Once again, those who have been chomping at the bit, ready to declare the end of the Roger Federer era in tennis, have to pack up those votive candles and set aside the black lapel ribbons. For the first time in about 10 months, Federer won a tournament, earning a three-set victory on Sunday at Halle.
Whenever Roger Federer needs a lift, you can count on the man he beat in the final, Russia’s Mikhail Youzhny. Ranked No. 29 and just days from joining Federer as a 31-year-old, Youzhny has won a grand total of four sets (and no matches) against Federer in 15 meetings over the course of a decade-plus.
Youzhny was nothing less than tonic for a man in sore need of relief. Take Federer’s win at Wimbledon last year out of the calculation, and Federer has clearly been hard-pressed to remain relevant at Grand Slam events. Andy Murray and Novak Djokovic have mastered the hard courts; Rafael Nadal owns the clay. After he won the Australian Open in 2010 (d. Murray), Federer went 0-6 against Djokovic, Rafael Nadal and Murray at the four majors. He did win Wimbledon last year, with back-to-back conquests of Djokovic and Murray. But in the three Grand Slam events since, he’s lost to Tomas Berdych, Murray and Jo-Wilfried Tsonga. That’s 13 majors with one title -- and just one win against his big-four rivals.
Those statistics tend to blur in the shadow of all that Federer, the all-time Grand Slam singles champ, has achieved. That too, he’s only been losing at late stages of tournaments and only to his rivals. Most top-10 pros of any era would give their eye teeth to experience a similar decline. The obit writers won’t dip their pens in the poisoned ink and sway anyone until Federer loses in the second round to a Jeremy Chardy or Martin Klizan at, say, the US Open.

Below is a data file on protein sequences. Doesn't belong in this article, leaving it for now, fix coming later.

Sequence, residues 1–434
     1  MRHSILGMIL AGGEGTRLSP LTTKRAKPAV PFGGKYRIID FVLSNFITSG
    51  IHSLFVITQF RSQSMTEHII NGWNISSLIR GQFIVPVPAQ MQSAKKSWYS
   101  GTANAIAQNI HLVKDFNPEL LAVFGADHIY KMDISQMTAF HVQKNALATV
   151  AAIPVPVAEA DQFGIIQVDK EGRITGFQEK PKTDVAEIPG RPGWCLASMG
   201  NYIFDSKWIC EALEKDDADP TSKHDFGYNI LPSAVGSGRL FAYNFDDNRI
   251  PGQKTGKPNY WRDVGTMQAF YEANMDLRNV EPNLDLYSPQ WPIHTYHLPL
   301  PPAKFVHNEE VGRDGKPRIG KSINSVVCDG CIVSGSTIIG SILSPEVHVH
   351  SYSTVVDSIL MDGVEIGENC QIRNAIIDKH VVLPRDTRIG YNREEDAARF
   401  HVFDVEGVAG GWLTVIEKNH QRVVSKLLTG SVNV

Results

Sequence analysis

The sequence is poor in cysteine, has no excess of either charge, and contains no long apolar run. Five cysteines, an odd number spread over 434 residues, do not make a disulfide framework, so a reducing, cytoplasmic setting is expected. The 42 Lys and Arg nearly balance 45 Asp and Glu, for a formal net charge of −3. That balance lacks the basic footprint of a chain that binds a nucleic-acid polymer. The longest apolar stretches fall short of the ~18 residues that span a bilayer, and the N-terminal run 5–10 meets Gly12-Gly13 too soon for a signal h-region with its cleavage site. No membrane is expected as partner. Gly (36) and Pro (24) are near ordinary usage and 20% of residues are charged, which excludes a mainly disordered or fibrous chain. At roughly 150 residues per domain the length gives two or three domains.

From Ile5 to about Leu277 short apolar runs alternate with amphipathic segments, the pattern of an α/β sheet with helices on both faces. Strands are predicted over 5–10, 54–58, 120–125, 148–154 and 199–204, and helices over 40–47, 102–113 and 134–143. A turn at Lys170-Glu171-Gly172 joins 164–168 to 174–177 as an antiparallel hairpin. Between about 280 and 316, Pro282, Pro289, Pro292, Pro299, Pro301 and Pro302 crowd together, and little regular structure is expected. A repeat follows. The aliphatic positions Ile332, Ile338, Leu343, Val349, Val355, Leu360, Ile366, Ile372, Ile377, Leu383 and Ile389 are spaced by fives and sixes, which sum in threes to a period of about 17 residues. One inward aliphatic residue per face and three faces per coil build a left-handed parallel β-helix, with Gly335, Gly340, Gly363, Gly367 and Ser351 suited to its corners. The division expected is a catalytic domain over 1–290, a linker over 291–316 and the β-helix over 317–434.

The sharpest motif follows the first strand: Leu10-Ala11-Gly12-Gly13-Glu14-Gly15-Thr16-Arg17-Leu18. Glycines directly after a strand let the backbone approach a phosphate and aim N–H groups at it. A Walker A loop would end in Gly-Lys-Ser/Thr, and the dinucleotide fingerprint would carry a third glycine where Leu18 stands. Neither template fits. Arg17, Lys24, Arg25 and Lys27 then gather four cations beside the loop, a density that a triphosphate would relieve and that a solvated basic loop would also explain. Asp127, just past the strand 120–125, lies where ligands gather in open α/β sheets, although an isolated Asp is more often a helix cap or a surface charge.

Even so, Federer did himself a lot of good with his win at Halle. Federer has played a greatly reduced schedule this year, and that’s put him under a lot of pressure to win in order to maintain his sky-high ranking (he’s been in the top three since the fall of 2011 and is presently No. 3). To borrow a favorite expression of his, Federer is “collecting information” on just how little match play he needs in order to feel like he’s still competitive at majors. He skipped almost the entire European clay-court season, and when he lost to Tsonga in the French Open quarterfinals two weeks ago, it sent a shiver of alarm through Federer partisans.
Because Federer was defending finalist points at Halle and is defending winner’s points at Wimbledon, it theoretically makes this four-week stretch the toughest month of his year. This period, ending in early July, could be a harbinger of his future. You don’t stay in the top three in this era without winning tournaments, even if you do have 17 Grand Slam titles to your name.
The first and easiest part of Federer’s mission is complete, and it again confirms that you have to be an idiot to write off Federer until he’s good and ready to go. Halle is an ATP 250, so Federer picked up just 100 points more than he collected when he lost to resurgent Tommy Haas in last year’s final (by contrast, he’s got 2000 ranking points at stake at Wimbledon). But don’t get too hung up on the numbers. It’s no coincidence that Federer’s only Grand Slam victory in his last 13 tries was at Wimbledon. After all, he’s a seven-time champion. He showed last year that he’s still the best grass-court player of his time, and the win at Halle probably gave him a lot more confidence than it did rankings points.
“These are exactly the kind of wins I need at this part of the season,” Federer said of his wins over Haas and Youzhny last week. “I've been preparing well for this part of the season and I'm happy it's paying off. It's obviously important for my confidence looking forward to Wimbledon now."
And if that’s not enough to zip the lips of naysayers, consider this: Two Sundays from now will mark the 10th anniversary of Federer’s first triumph at Wimbledon. A decade ago, Federer kicked off his drive to the title with a win at Halle. One of his victims there?